Umeå University's logo

umu.sePublications
Change search
CiteExportLink to record
Permanent link

Direct link
Cite
Citation style
  • apa
  • ieee
  • modern-language-association-8th-edition
  • vancouver
  • Other style
More styles
Language
  • de-DE
  • en-GB
  • en-US
  • fi-FI
  • nn-NO
  • nn-NB
  • sv-SE
  • Other locale
More languages
Output format
  • html
  • text
  • asciidoc
  • rtf
Large-scale migration into Britain during the Middle to Late Bronze Age
Show others and affiliations
2022 (English)In: Nature, ISSN 0028-0836, E-ISSN 1476-4687, p. 588-594Article in journal (Refereed) Published
Abstract [en]

Present-day people from England and Wales harbour more ancestry derived from Early European Farmers (EEF) than people of the Early Bronze Age1. To understand this, we generated genome-wide data from 793 individuals, increasing data from the Middle to Late Bronze and Iron Age in Britain by 12-fold, and Western and Central Europe by 3.5-fold. Between 1000 and 875 BC, EEF ancestry increased in southern Britain (England and Wales) but not northern Britain (Scotland) due to incorporation of migrants who arrived at this time and over previous centuries, and who were genetically most similar to ancient individuals from France. These migrants contributed about half the ancestry of Iron Age people of England and Wales, thereby creating a plausible vector for the spread of early Celtic languages into Britain. These patterns are part of a broader trend of EEF ancestry becoming more similar across central and western Europe in the Middle to Late Bronze Age, coincident with archaeological evidence of intensified cultural exchange2-6. There was comparatively less gene flow from continental Europe during the Iron Age, and Britain's independent genetic trajectory is also reflected in the rise of the allele conferring lactase persistence to ~50% by this time compared to ~7% in central Europe where it rose rapidly in frequency only a millennium later. This suggests that dairy products were used in qualitatively different ways in Britain and in central Europe over this period.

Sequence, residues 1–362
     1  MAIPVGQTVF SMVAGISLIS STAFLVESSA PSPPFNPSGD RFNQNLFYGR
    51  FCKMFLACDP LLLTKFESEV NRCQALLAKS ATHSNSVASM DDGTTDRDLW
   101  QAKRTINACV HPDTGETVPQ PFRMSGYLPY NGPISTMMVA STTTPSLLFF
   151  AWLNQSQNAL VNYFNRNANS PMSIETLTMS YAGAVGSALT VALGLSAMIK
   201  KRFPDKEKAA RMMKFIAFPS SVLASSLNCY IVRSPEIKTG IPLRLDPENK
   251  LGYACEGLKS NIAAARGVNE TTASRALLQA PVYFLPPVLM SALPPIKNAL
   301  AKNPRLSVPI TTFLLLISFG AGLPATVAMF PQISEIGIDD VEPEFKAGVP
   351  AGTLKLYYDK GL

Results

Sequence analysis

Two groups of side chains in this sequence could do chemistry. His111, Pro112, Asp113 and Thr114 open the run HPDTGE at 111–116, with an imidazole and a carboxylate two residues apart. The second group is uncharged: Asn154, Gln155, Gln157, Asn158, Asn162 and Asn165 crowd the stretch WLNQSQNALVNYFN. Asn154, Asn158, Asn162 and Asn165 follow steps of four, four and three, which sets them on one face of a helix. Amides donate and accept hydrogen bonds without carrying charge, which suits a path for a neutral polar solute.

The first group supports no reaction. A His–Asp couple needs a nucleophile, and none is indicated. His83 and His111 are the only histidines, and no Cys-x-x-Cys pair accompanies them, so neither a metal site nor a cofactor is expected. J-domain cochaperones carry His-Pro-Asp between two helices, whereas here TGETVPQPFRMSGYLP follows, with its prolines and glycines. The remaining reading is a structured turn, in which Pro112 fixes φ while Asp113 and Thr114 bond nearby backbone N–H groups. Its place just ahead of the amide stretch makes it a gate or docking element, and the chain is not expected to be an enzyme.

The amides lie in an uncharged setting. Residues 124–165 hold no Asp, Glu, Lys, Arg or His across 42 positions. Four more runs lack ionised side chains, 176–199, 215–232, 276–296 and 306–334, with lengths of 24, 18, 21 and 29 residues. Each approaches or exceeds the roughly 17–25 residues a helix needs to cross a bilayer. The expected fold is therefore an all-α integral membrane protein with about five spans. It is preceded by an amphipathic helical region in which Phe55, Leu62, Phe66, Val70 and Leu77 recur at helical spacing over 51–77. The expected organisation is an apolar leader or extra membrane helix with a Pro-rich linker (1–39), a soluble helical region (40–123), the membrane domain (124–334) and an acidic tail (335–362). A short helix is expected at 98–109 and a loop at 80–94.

Place, publisher, year, edition, pages
Nature Publishing Group, 2022. p. 588-594
Keywords [en]
DNA, archaeology, bronze age, Britain
National Category
Archaeology
Research subject
Archaeology
Identifiers
URN: urn:nbn:se:umu:diva-191004DOI: 10.1038/s41586-021-04287-4ISI: 000744418000001PubMedID: 34937049Scopus ID: 2-s2.0-85121633354OAI: oai:DiVA.org:umu-191004DiVA, id: diva2:1624798
Funder
Wellcome trust, 100713/Z/12/ZNIH (National Institute of Health), GM100233Available from: 2022-01-05 Created: 2022-01-05 Last updated: 2022-10-31Bibliographically approved

Open Access in DiVA

No full text in DiVA

Other links

Publisher's full textPubMedScopus

Authority records

Budd, ChelseaLillie, Malcolm

Search in DiVA

By author/editor
Budd, ChelseaLillie, Malcolm
By organisation
Department of historical, philosophical and religious studies
In the same journal
Nature
Archaeology

Search outside of DiVA

GoogleGoogle Scholar

doi
pubmed
urn-nbn

Altmetric score

doi
pubmed
urn-nbn
Total: 382 hits
CiteExportLink to record
Permanent link

Direct link
Cite
Citation style
  • apa
  • ieee
  • modern-language-association-8th-edition
  • vancouver
  • Other style
More styles
Language
  • de-DE
  • en-GB
  • en-US
  • fi-FI
  • nn-NO
  • nn-NB
  • sv-SE
  • Other locale
More languages
Output format
  • html
  • text
  • asciidoc
  • rtf